Special Time

Make Time for Special Time

Written by Sarah Rosensweet
Make Time for Special Time

It’s not easy to make time for special time. However, you will see the benefit. Like most of us, you probably feel it’s a daily challenge to find the time to connect with your child. We know how important one-on-one time is. And at the end of the day, we often realise that all we’ve done is move our children through the schedule. Get up, dressed, to school, home, activities, homework, dinner, bedtime.

What if I told you that you could completely strengthen and transform your relationship with your child in only 15 minutes? You can! Special Time is a peaceful parenting tool that is a super-charged way to connect with your child.

Our children NEED to feel that we see them, that we understand them, and that they matter. Our attention is a vital need like food, water and sleep. When they feel connected to us, they WANT to be more cooperative. Our strong relationship with them is ultimately the most powerful way we can influence them. (Video version of this post here)

We are all busy with jobs, the house, our other children, modern life. How do we find the time to make sure they are getting what they need from us? Special Time*!

Not only does Special Time give them the attention they need while building a connection and strengthening our relationship with them. It can be the ‘fix’ we need when things are feeling difficult or if our child has been acting out a lot. Parents that I coach say they can’t believe how much the simple addition of Special Time improves their child’s behaviour and transforms their relationship!

What is Special Time?

It is 10-20 minutes a day of 1×1 time with your child, no distractions, immersed in their world of play.

It is as my daughter says, “How you know they love you.”

Special Time is unstructured.

It’s not baking, or reading books, or playing board games.

Special Time is child-led.

Your child chooses what to play. Lego, dollies, imaginary superheroes or Paw Patrol. (Want my free Special Time guide? Get the free download!)

child led play time

No screens during Special Time!
Call it by your child’s name

“Maya Time” or “Mummy and Davey Time”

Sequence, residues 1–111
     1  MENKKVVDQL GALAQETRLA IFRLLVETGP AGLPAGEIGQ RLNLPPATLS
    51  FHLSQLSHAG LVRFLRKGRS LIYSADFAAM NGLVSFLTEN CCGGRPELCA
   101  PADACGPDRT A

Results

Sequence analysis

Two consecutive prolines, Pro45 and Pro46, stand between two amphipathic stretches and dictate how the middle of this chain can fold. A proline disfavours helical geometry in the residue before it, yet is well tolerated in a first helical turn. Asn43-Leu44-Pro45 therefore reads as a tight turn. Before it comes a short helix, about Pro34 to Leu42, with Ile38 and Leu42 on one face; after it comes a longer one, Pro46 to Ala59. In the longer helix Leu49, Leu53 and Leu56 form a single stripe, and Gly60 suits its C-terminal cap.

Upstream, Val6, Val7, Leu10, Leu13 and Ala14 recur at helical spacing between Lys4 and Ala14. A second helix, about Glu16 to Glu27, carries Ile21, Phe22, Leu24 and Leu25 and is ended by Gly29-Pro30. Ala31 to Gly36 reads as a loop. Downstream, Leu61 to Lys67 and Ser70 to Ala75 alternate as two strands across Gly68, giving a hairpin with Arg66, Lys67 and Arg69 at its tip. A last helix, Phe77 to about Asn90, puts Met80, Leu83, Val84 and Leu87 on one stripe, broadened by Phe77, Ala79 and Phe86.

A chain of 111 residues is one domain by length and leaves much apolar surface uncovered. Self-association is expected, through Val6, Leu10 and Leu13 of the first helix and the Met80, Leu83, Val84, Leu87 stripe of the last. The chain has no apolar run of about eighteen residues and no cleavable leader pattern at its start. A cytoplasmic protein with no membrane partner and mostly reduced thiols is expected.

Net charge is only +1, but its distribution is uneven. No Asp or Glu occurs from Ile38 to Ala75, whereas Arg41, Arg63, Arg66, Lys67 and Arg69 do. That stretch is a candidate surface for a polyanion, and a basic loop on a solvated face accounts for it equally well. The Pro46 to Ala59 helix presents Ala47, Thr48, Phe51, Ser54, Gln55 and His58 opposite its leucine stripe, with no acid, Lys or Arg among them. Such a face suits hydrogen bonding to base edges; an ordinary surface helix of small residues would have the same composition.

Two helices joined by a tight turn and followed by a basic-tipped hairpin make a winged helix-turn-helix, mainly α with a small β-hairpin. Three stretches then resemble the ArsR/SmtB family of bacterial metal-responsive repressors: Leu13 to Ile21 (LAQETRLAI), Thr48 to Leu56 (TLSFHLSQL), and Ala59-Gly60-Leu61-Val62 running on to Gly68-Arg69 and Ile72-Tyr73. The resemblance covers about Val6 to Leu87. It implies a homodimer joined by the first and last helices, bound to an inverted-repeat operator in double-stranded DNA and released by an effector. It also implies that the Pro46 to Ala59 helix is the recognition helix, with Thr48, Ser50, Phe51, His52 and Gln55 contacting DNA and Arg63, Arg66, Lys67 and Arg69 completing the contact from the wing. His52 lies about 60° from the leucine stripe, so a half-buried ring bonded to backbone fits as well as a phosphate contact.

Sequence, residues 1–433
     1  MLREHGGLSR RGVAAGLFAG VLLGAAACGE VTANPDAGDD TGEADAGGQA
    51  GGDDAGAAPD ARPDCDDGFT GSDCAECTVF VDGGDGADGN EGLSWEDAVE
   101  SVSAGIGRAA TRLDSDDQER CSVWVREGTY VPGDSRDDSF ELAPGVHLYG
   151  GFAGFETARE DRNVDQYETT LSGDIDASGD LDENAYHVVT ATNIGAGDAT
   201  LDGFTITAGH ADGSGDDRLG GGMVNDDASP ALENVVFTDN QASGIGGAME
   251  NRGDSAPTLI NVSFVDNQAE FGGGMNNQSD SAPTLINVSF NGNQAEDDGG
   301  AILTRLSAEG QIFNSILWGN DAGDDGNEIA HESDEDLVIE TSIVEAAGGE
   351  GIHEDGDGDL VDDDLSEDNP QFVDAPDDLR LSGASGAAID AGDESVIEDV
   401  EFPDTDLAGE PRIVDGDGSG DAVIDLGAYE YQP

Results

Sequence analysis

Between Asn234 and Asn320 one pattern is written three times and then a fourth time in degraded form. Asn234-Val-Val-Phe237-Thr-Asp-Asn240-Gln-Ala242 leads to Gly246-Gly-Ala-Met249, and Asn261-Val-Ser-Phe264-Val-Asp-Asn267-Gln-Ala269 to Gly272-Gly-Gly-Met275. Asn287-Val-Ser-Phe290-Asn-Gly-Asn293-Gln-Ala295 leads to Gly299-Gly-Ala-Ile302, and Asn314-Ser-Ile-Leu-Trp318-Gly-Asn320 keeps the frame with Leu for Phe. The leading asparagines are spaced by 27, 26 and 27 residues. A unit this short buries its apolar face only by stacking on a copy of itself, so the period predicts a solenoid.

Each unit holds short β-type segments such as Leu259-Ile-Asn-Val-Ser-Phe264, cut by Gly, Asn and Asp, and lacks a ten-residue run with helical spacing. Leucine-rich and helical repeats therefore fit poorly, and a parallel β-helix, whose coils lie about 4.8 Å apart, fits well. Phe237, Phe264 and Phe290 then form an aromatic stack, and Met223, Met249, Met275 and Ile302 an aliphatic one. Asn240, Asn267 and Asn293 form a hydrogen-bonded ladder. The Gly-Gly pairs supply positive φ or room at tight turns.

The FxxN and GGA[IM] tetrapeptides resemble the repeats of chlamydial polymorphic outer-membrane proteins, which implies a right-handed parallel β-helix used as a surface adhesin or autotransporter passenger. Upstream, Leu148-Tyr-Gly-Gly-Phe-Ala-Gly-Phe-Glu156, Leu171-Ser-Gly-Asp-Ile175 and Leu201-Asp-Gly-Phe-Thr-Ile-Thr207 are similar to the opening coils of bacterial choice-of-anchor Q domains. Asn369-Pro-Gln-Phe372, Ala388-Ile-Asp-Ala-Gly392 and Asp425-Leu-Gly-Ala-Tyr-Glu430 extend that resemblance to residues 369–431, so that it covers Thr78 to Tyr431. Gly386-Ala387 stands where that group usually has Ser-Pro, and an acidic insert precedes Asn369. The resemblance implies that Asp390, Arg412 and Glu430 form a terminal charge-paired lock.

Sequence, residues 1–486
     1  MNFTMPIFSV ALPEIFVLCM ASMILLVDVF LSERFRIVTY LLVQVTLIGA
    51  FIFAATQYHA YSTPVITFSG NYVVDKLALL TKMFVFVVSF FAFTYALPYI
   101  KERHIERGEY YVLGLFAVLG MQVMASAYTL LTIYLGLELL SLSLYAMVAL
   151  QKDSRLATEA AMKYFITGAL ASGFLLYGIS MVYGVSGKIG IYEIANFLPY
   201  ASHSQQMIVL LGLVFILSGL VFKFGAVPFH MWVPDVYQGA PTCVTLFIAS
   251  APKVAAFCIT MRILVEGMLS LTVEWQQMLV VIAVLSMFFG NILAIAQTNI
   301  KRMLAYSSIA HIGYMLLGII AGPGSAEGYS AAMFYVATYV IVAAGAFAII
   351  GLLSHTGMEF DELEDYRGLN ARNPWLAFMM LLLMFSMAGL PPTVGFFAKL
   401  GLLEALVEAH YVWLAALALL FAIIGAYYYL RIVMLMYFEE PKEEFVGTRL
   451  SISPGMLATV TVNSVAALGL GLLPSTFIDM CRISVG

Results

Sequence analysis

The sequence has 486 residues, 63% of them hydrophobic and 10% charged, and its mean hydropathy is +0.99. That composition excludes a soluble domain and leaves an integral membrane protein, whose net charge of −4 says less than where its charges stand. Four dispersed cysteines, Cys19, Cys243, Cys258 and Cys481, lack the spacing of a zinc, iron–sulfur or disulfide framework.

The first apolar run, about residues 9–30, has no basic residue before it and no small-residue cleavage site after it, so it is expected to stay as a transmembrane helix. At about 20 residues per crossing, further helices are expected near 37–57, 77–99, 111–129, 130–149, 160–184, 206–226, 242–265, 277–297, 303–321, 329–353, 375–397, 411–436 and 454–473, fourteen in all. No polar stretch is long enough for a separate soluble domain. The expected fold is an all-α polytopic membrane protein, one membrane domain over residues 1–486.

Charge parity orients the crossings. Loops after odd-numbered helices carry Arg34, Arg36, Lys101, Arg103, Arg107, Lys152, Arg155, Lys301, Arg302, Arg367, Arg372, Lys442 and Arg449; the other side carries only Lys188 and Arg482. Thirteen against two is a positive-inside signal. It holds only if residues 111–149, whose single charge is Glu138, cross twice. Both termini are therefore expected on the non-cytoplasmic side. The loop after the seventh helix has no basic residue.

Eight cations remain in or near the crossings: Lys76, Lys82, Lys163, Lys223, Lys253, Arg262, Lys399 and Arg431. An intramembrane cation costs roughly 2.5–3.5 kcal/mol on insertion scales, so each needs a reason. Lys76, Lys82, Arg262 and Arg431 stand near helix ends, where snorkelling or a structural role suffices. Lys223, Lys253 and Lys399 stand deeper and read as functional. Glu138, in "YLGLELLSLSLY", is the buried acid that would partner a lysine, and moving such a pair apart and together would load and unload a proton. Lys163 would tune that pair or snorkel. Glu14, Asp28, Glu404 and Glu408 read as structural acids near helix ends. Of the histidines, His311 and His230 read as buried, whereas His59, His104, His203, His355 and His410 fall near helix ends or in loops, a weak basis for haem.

Be present.

Put away your phone, file away the to-do list. Really try to focus on your child and pour all your love and attention into them.

Set a timer.

It can be hard for us to play for very long without getting distracted. Our play muscles are rusty. You can do anything for 15 minutes.

Delight in your child! 

Your child needs to feel your adoration.

Be prepared for big feelings, when Special Time ends or after.

Having an ‘end’ to Special Time is also useful for your child. It gives them an opportunity to have a scheduled meltdown and let out the tears that have built up over the day or over time. You can give them all your empathy- “I know! I love Special Time too. It’s so hard when it’s over. We’ll do it again soon.” And hopefully your child can cry. It’s also common that sometimes children will have a meltdown or ‘pick a fight’ with you after Special Time. As they now feel safer and more connected to you and all those stored up old big feelings start to come out.

Try to get your child laughing

Laughter really helps your child process stored up emotions and makes you feel closer to each other. Especially if you don’t have time for both Special Time and roughhousing. If you know me and peaceful parenting, you know another peaceful parenting tool is daily laughter and roughhousing. (Want some roughhousing ideas? Check out my free guide!) Your child might choose something physical with you, but if they don’t you could alternate turns.

Put Special Time on your to-do list for every day!

If you try for every day but only get it 3 or 4 times a week, that is great. But if you try for 3 or 4 times a week you might only get it once or twice.

Special TimeLet’s talk some logistics:

If you have 2 parents and 2 kids, you can do Special Time for 15 minutes a day and alternate kids. If you have 30 minutes? Each parent gets each kid for 15 minutes.

If you have small children who won’t leave you alone while you are doing Special Time with the other, and no help to entertain them- maybe it’s better to do all kids together roughhousing and try for Special Time when you can do it without interruption. Special Time is GREAT for reducing sibling rivalry but it defeats the purpose if a sibling is always interrupting.

I know you will be pleasantly surprised at what a great return this small change brings.

For a free Special Time Guide with Roughhousing Ideas click here

Sarah Rosensweet is a certified peaceful parenting coach and educator. She lives in Toronto with her husband and three big kids (ages 11, 15, and 18). Peaceful parenting is a non-punitive, connection-based approach that uses firm limits with lots of empathy. Sarah works one-on-one virtually with parents all over the world to help them be the parents they want to be and enjoy their kids.

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